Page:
In the Om: Teenage Warrior Yogis Develop New Tools For Recovery

Four teenagers unroll yoga mats in the common area of the East Coast drug rehabilitation center they currently call home. They’re ready for their Sunday afternoon vinyasa flow. Today, they seem tired. One of the teens, Vicki (name changed to preserve confidentiality), requests a gentle practice. She
emphasizes: “No downward dogs!”

I tell them I’ll happily oblige. Working with recovering addicts, you quickly learn to meet them where they’re at. They can be cooperative on some days and challenging, if not downright defiant, on others. Patience is tested. Compassion is key.

Vicki has been living in the addiction recovery unit for several months. Her care team estimates it will be several more before she’s ready for release. The eldest child in a large family, she is estranged from her siblings. This rehabilitation unit is the end of the line for her. Her fellow addicts in recovery: Lindsay, Morgan, and Tyrone, join her for yoga every Sunday afternoon. This is her sangha, or spiritual community. Still, treatment is a time of transition, and healing can be peppered with moments of loss. Vicki’s closest friend, Lindsay, is leaving the unit in a week: her treatment team has determined that she’s ready. Vicki will undoubtedly feel her absence — we all will. If Lindsay continues along a path of recovery outside of the unit, then and only then will she have a chance at a decent life.

Research suggests that the tools learned in yoga can beautifully supplement an addict’s recovery program, as the addict learns to detach from old behaviors and find new ways of living. By weaving together body, mind, and breath, the yoga practitioner learns to accept the present moment, no matter what challenges arise.

“We each have our stories,” I remind the teens as we begin our practice. Many of these stories include elements of self-destruction, disrespect, and even violence. Key concepts in yoga counterbalance old attitudes and behaviors, bringing self-awareness, compassion, and non-violence to the table (or the mat, in this case).

During the few months that we have worked together, I’ve come to see this group of teens as modern-day warriors. They’re facing demons at an age when many of their peers are studying for exams, going out on dates, and learning to drive. Not yet 18, they’ve seen fellow addicts die of the disease that brought them to this recovery unit in the first place.

By learning the principles of yoga, these young warriors add peaceful weapons to their artillery. Maintaining a balanced mind, strong body, and breath awareness works in direct contrast to the racing thoughts, weakened immune systems, and incorrect breathing patterns so common among addicts during their years of self-abuse.

Yogic principles learned on the mat can be transferred to daily life. In Uttanasana, Forward Fold, we learn about surrender. Letting the head, torso, and arms relax over the legs, finding movement and connecting with the breath, we allow prana, life energy, to nourish the brain, chest, and fingertips. We gaze through the world from an upside-down point of view, accepting this moment and releasing the need to control.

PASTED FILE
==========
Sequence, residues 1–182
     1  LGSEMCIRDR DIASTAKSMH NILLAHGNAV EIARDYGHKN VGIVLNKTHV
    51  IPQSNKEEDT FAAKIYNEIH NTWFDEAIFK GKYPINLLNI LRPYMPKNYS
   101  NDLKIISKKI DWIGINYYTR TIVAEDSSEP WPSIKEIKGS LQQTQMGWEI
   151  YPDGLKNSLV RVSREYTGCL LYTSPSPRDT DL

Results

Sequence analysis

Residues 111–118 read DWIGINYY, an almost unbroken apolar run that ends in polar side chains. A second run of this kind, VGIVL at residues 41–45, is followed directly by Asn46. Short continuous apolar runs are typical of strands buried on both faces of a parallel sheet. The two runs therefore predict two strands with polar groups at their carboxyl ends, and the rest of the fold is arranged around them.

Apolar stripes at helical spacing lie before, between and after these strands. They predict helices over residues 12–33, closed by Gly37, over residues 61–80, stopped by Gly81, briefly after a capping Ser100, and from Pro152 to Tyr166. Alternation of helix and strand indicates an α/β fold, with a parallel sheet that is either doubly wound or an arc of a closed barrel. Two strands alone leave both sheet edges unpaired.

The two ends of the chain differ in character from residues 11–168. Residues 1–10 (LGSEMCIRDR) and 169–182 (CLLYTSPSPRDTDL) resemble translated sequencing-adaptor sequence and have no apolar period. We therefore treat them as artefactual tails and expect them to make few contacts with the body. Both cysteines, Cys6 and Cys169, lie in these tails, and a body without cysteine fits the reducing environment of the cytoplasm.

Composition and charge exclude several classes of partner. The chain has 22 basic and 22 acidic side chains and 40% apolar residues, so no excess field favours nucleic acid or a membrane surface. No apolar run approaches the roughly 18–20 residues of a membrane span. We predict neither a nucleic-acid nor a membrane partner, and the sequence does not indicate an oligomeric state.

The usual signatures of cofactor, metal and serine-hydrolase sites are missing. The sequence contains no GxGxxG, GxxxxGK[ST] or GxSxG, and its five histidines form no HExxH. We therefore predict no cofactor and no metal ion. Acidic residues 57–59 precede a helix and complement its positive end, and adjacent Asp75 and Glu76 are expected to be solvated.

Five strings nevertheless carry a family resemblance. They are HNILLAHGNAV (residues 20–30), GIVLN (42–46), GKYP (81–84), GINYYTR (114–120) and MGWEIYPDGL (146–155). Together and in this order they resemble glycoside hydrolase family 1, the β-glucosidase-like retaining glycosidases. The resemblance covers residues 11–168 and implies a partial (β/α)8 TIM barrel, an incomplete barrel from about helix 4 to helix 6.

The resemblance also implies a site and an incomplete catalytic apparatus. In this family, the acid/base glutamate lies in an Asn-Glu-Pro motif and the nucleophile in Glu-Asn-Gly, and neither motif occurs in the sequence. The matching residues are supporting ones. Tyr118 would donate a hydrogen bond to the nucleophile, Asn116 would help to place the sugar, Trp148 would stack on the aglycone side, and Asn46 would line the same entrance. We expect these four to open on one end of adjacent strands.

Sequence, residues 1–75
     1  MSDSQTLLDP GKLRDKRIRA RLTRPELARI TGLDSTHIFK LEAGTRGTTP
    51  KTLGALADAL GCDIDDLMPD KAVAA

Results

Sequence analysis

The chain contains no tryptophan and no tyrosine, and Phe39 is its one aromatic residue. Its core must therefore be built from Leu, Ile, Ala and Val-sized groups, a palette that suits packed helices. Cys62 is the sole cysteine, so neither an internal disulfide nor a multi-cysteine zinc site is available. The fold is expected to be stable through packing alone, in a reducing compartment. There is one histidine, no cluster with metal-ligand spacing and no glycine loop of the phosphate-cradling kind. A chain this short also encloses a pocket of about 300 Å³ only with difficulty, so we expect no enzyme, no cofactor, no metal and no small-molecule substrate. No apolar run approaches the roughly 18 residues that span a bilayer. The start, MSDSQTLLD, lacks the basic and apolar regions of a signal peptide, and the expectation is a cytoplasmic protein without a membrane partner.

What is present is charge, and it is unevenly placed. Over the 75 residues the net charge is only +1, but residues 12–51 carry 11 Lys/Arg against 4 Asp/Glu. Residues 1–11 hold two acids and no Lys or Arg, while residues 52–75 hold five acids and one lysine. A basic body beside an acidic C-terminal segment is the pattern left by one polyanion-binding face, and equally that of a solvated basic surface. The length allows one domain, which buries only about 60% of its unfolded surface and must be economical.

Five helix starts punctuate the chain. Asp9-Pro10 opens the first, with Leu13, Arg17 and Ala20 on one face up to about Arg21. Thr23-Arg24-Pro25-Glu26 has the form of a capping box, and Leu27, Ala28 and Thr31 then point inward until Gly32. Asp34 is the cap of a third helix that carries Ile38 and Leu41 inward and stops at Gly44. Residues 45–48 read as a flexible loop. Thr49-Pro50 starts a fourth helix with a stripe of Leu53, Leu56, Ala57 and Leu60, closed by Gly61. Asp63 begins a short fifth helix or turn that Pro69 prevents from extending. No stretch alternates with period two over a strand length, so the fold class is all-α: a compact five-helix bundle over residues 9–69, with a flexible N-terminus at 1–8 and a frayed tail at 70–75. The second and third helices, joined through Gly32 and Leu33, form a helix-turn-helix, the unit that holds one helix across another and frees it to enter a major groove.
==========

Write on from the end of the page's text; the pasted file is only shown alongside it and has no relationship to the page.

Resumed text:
In Tree Pose, Vrksasana, we learn that it’s okay to find movement: trees sway in the wind. During powerful storms, it’s this swaying motion that keeps tree trunks from snapping. To remain flexible in body and mind, life no longer feels like such a struggle. When things don’t go our way, we’re less likely to get bent out of shape.

Yoga is not a miracle cure. It can’t take away the suffering that comes hand-in-hand with life in a human body: illness, disappointment, loss and aging come to many. What yoga can do is help remove layers of attachment to this suffering. When holding a difficult asana, yoga pose, for an extended period of time, one may feel a sensation of pulling or tightness in a certain muscle group. The breath may grow louder and more strained. But the moment passes. The pose is released and one finds an immediate sense of relief.

Learning to stay present in each moment, accepting emotions as they come and remembering that these emotions will pass, we begin to see our own suffering as impermanent. When drug cravings return, as surely they will during times of stress, these young yogis can choose to connect with their breaths, to feel their connection to the earth, and to feel a sense of being supported by something larger than themselves.

As we come to the end of our practice and find a restorative Child’s Pose, Balasana, a line from Max Ehrmann’s ‘Desiderata’ comes into my mind:
“You are a child of the universe,
no less than the trees and the stars;
you have a right to be here.
And whether or not it is clear to you,
no doubt the universe is unfolding as it should.”

I hope that these teens keep shining. May their light grow brighter with each day that passes, chasing away the darkness that brought them here in the first place.

Please note: the above piece was inspired by recent service work with Root to Rise NJ, whose mission is to “break the stigma associated with addiction by pushing the limits of what is physically and mentally possible.” All names and identifying details were changed to preserve confidentiality.
Image found at Wikimedia Commons

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